The well-known Irish writer of many books on the conflict in the OSC, Martin Dillon, argues that McGrath’s secret service handlers directed him to conduct a character assassination of Ernie Elliot, a leading figure in the UDA. Elliot was said to have been trying to reach out to the Official IRA, and was regarded as socialist. MI5 would have been determined to prevent Unionist groups from moving away from their designated positions. McGrath’s rumours concerning Elliott’s behaviour in gaining wealth from racketeering and other criminal enterprises lead to Elliott’s downfall and subsequent death at the hands of another member of the UDA.
Although the name of the group appeared briefly in the 1980’s, TARA effectively collapsed when McGrath was charged with 15 crimes relating to paedophilia. His crimes included the systematic abuse and rape of children. This disgusting behaviour was compounded by the fact that the young victims were at a location where they were supposed to be safe, and cared for by the state.
It was on 3 April 1980 that three members of staff at the home were convicted. They were, Raymond Semple (assistant warden) who was sentenced to 5 years, Joseph Mains (the Warden) who was sentenced to 6 years, and William McGrath, who was sentenced to 4 years. Such sentences seem shockingly lenient considering the serious and systematic nature of the crimes.
A number of former British Intelligence Agents have since come forward to claim that it was known that the Boy’s Home was the site of child abuse. In July 2014, former military intelligence officer, Colin Wallace, stated he had received information in 1973 that boys at the home were being abused, but some of his superior officers refused to pass on the information.
In August 2014, yet another former intelligence officer, Brian Gemmell, said that he also had been ordered to stop investigating allegations of abuse at the home. He claimed that he learned the details of what had happened in the home whilst gathering information on Unionist hardliners. Gemmell was apparently ‘running’ two agents with close connections to Kincora. When he raised the matter of the abuse, he was instructed by a senior officer not to investigate.
It has now been alleged that a number of fanatical Unionists, such as William McGrath, were members of a paedophile ring who were being blackmailed by MI5 during the war in the OSC. In 2015, campaigners were trying to have Kincora included in a wide-ranging inquiry to establish whether the British forces prevented action from being taken to prevent the abuse in an effort to control those Unionist paedophiles involved.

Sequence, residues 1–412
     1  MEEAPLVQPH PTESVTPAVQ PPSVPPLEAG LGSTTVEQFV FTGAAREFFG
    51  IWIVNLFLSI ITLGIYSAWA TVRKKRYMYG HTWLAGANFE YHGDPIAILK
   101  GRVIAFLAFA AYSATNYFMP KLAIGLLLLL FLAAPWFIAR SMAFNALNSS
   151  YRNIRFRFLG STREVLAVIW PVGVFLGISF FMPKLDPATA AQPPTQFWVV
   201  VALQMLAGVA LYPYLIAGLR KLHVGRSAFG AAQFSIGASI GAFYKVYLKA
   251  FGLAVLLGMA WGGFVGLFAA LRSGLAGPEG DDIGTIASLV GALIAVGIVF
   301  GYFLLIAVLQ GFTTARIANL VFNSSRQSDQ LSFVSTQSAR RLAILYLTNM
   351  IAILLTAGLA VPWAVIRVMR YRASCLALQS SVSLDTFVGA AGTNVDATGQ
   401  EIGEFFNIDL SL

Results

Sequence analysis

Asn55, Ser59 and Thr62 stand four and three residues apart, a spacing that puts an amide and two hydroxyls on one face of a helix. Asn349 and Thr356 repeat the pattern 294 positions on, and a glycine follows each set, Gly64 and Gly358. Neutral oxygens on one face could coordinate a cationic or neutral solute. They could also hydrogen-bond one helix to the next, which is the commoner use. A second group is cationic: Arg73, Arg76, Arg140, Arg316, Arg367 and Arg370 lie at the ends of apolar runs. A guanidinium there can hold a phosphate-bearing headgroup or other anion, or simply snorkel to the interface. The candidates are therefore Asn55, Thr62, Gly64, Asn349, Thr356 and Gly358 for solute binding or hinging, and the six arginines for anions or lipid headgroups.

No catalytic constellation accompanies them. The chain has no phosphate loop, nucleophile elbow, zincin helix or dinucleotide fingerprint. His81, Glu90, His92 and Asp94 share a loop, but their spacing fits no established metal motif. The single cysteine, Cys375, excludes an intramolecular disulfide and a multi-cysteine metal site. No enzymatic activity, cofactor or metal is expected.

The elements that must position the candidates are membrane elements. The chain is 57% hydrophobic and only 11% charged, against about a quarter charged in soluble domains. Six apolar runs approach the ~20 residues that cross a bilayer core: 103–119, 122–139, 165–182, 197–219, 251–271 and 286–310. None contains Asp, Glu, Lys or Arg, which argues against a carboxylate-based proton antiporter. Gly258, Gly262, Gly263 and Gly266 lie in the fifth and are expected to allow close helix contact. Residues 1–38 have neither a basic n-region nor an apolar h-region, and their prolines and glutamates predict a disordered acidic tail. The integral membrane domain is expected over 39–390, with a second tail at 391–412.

The child abuse at Kincora was first made public on 24th January, 1980 in the Irish Independent newspaper. Allegations were, however, said to have been privately made in 1977 with no action having been taken by the RUC. Eventually, a report was compiled and handed to the Director for Public Prosecutions. Details were given of prominent businessmen allegedly involved. It was after this that the convictions mentioned previously took place.
Some notable Unionist and British politicians have had their names linked to the overall scandal. Ian Paisley, founder and long time leader of the DUP (Unionist political party) was accused of having failed to report McGrath’s abuse to the relevant authorities. Paisley denied any such knowledge.
The British politician, Anthony Blunt, and the Queen of England’s cousin, Lord Mountbatten – who was killed by the IRA in County Sligo – were also alleged to have been involved in a network of paedophiles who regularly raped children at various locations. The satirical current affairs magazine, Private Eye, alleged that high-ranking members of the civil service in Whitehall, and senior members of the British military were involved in the sexual abuse of boys at Kincora. It is believed that there were at least 29 victims of the depravity, with one taking his own life in later years by jumping from a ferry.
(Three of the abuse victims who lived at Kincora Boy’s Home)
The OSC Historical Institutional Abuse Inquiry began an investigation on 31st May, 2016. To date no findings have been released. Regardless of the outcome, serious questions will always remain regarding the conduct of British state forces and agencies in relation to the sexual abuse of many children at the state home of Kincora.
William McGrath remained a senior member of Orange Order throughout his trial for raping children. He was eventually expelled from the organisation. McGrath served just two years in prison for the inhuman crimes that he was guilty of. He was released in December 1983. He was never convicted of crimes relating to his founding of a Unionist paramilitary group with connections to those who perpetrated innumerable murders in the OSC.
William McGrath died in 1992 at the age of 76. His victims still seek the justice that has been denied them by the British state. Their suffering continues.
Today, the shadowy and sordid paramilitary group known as TARA serves as an embarrassment to Unionists. It is a stark reminder of the despicable type of people who were to the fore in their drive to maintain the elitist Unionist position. Many would argue that such personalities still lead the Unionist community and, whilst not engaged in the systemic abuse of children, are still lost to all good sense and reason.
We must await the outcome of a full, thorough and transparent investigation into the horror that was the Kincora Boy’s Home, before we fully comprehend the role that the British State had in allowing, and perpetrating, the sexual abuse of young boys in tandem with the controlling of Unionist paramilitary groups, such as TARA.
– Give It A Share –